NMO in the Eyes of a Child
Last updated: June 2023
As an NMO sufferer, we all too often feel like we are going through this disease alone. We tend to think that since we are the ones that are suffering, no can possibly understand what we may be going through. However, chronic illness has a significant impact on our loved ones even when we don't see it.
My condition was affecting my daughter
It broke my heart to realize that my daughter had a story to tell when it came to my battle with NMO. She made a point to tell this story in an essay for an assignment in one of her classes. I was deeply moved, and I'd like to share it with you.
NMO Journey written by Adejah Green, my daughter
"As far as I could remember my mom was always sick. Even though she was and still is a very hardworking person, there were always health problems going on that never seemed to resolve.
My mom first got sick when I had just turned five on February 14, 2013. It was so abrupt. I remember her throwing up constantly and not being able to do anything because every time she stood up she couldn't even keep her balance. She got so sick to the point she lost 20 pounds. I recalled having to constantly go to the hospital with my family to find out what was wrong with her, but no one could figure out anything. I thought that doctors knew the answer for everything, but at a young age, I realized that was simply not the case. We went to several doctors and yet, nothing so I tried to find out for myself. I didn't really understand anything happening at the moment so the only conclusion I came to is that she was always sick because that is just what happens to women."
Getting closer to a diagnosis
"Finally, 2 months later, my mom got diagnosed with BPPV, a form of vertigo. I was relieved that someone knew how to help her. Years passed and we ended up moving to Washington state. My mom worked hard and it was almost like she could never escape her job. Outside of work she had her moments where she would get dizzy and fall. We blamed it on the vertigo and it became normal for our family that she was always a little sick. After she got sick the first time she was left with involuntary jerking in one of her eyes. We should have known that that was an indication of something more than just a form of vertigo that only lasts a few minutes.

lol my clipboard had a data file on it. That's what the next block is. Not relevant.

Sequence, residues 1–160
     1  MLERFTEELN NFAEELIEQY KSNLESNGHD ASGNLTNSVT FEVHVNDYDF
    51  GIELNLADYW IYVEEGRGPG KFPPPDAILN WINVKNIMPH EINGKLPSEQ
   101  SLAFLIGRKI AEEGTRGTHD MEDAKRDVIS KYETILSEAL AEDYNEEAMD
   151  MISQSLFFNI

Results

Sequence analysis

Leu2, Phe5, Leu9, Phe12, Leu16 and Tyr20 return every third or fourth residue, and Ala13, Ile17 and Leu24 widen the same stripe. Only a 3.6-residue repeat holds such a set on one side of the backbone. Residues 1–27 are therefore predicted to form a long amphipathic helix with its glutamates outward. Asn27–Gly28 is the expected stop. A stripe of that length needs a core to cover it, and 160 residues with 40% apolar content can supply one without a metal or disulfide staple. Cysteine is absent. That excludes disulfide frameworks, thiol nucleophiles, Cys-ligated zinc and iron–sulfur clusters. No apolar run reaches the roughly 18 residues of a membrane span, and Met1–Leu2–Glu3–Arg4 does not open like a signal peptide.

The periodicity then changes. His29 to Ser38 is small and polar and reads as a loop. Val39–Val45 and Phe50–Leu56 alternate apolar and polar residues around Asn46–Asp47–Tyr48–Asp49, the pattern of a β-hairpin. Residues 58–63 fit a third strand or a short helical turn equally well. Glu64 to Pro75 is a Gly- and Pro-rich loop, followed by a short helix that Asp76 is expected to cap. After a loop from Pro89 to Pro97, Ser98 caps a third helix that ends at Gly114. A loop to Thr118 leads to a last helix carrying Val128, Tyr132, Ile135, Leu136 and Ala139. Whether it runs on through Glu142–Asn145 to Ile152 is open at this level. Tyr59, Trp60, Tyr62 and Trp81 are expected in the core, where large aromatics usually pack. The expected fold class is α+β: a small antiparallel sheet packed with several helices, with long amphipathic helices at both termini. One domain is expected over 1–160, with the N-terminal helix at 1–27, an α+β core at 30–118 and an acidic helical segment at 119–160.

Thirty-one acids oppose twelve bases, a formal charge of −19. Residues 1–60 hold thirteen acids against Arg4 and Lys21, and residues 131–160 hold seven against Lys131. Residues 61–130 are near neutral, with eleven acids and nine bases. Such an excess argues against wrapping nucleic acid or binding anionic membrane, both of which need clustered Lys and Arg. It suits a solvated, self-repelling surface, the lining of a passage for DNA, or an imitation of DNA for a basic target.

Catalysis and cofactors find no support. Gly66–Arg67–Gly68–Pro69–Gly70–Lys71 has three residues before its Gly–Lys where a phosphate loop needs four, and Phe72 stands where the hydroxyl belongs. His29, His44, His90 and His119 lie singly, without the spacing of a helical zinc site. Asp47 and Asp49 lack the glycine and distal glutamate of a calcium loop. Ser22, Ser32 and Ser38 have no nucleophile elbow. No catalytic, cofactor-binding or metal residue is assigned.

When living in Washington, my mom would constantly get migraines so bad to the point where she couldn't stand light. She always had these problems here and there, but it wasn't too bad. After four years, we moved to Houston, Texas. Everything seemed fine and my mom continued working especially hard. On February 12, 2020, my mom kept coming home from work indicating that she was nauseated. This went on for a couple of days before this situation took a turn for the worst."
Another episode, we've been here before
"She first had thought she got food poisoning, but the sickness just didn't stop. I was hoping she would feel better when my birthday came around, but she was still sick. She reverted back to aggressively throwing up constantly and this time instead of 20 pounds, she lost 40. She was having nerve shocks and started having abnormally aggressive hiccups. This made me extremely nervous as I noticed that this wasn't new. She had gone through this already and it was hell. For a month she was back and forth to the hospital and at the same time, COVID just had an outbreak in America. Still, it was difficult for doctors to find out the problem with her. She was tested for so many things and it was all negative. Everyone, including herself, thought that she was going to die."
7 years to a final diagnosis
In March 2020, my mom got diagnosed by the Mayo clinic with a rare disease called Neuromyelitis Optica. She was positive for the cell that some NMO cases may carry. After we moved into our new house, she started getting progressively better and started walking on her walker. She then moved to a cane and began working five days a week. Throughout this process, I noticed that it's not just progress. It progresses and regresses constantly. My mom is now in a wheelchair due to muscle spasms, which is a common symptom of her condition. My mom will be getting surgery for a baclofen pump that should help her to start walking again. This journey continues and I wish her and our family the best and progress from now on."
How did Adejah's story make you feel?
Has NMO impacted your ability to keep a job?